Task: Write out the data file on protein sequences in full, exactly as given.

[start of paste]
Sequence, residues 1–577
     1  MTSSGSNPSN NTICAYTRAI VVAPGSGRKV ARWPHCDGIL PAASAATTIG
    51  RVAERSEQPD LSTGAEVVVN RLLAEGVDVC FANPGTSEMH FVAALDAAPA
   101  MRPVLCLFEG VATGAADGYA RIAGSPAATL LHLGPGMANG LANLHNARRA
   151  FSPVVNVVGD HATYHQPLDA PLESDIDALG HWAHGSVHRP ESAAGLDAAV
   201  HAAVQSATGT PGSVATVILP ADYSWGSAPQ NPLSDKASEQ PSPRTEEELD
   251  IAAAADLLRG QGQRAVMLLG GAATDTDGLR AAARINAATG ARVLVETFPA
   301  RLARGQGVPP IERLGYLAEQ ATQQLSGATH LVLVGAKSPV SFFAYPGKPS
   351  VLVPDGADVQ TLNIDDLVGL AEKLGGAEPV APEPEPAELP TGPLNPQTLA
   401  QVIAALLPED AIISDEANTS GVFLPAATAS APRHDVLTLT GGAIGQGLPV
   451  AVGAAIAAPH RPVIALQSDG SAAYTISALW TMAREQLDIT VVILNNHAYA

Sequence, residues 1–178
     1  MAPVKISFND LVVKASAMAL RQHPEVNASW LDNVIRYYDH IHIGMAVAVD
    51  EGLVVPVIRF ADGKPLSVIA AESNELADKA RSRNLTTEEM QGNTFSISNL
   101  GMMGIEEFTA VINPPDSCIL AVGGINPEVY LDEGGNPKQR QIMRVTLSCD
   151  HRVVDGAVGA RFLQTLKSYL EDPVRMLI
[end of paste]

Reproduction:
Sequence, residues 1–577
     1  MTSSGSNPSN NTICAYTRAI VVAPGSGRKV ARWPHCDGIL PAASAATTIG
    51  RVAERSEQPD LSTGAEVVVN RLLAEGVDVC FANPGTSEMH FVAALDAAPA
   101  MRPVLCLFEG VATGAADGYA RIAGSPAATL LHLGPGMANG LANLHNARRA
   151  FSPVVNVVGD HATYHQPLDA PLESDIDALG HWAHGSVHRP ESAAGLDAAV
   201  HAAVQSATGT PGSVATVILP ADYSWGSAPQ NPLSDKASEQ PSPRTEEELD
   251  IAAAADLLRG QGQRAVMLLG GAATDTDGLR AAARINAATG ARVLVETFPA
   301  RLARGQGVPP IERLGYLAEQ ATQQLSGATH LVLVGAKSPV SFFAYPGKPS
   351  VLVPDGADVQ TLNIDDLVGL AEKLGGAEPV APEPEPAELP TGPLNPQTLA
   401  QVIAALLPED AIISDEANTS GVFLPAATAS APRHDVLTLT GGAIGQGLPV
   451  AVGAAIAAPH RPVIALQSDG SAAYTISALW TMAREQLDIT VVILNNHAYA

Sequence, residues 1–178
     1  MAPVKISFND LVVKASAMAL RQHPEVNASW LDNVIRYYDH IHIGMAVAVD
    51  EGLVVPVIRF ADGKPLSVIA AESNELADKA RSRNLTTEEM QGNTFSISNL
   101  GMMGIEEFTA VINPPDSCIL AVGGINPEVY LDEGGNPKQR QIMRVTLSCD
   151  HRVVDGAVGA RFLQTLKSYL EDPVRMLI